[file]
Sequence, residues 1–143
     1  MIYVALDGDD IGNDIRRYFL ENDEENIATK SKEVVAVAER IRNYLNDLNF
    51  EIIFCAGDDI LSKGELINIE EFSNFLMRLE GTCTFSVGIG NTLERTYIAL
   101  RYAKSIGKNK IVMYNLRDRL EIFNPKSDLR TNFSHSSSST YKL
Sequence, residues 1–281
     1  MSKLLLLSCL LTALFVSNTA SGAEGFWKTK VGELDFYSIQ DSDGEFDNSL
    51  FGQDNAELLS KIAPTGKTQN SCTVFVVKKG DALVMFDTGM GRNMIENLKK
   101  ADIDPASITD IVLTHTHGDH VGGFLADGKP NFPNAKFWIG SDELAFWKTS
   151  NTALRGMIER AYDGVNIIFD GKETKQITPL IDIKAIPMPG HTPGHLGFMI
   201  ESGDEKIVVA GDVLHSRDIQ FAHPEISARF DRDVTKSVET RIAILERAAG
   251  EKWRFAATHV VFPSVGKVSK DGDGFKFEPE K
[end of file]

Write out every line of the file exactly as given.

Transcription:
Sequence, residues 1–143
     1  MIYVALDGDD IGNDIRRYFL ENDEENIATK SKEVVAVAER IRNYLNDLNF
    51  EIIFCAGDDI LSKGELINIE EFSNFLMRLE GTCTFSVGIG NTLERTYIAL
   101  RYAKSIGKNK IVMYNLRDRL EIFNPKSDLR TNFSHSSSST YKL
Sequence, residues 1–281
     1  MSKLLLLSCL LTALFVSNTA SGAEGFWKTK VGELDFYSIQ DSDGEFDNSL
    51  FGQDNAELLS KIAPTGKTQN SCTVFVVKKG DALVMFDTGM GRNMIENLKK
   101  ADIDPASITD IVLTHTHGDH VGGFLADGKP NFPNAKFWIG SDELAFWKTS
   151  NTALRGMIER AYDGVNIIFD GKETKQITPL IDIKAIPMPG HTPGHLGFMI
   201  ESGDEKIVVA GDVLHSRDIQ FAHPEISARF DRDVTKSVET RIAILERAAG
   251  EKWRFAATHV VFPSVGKVSK DGDGFKFEPE K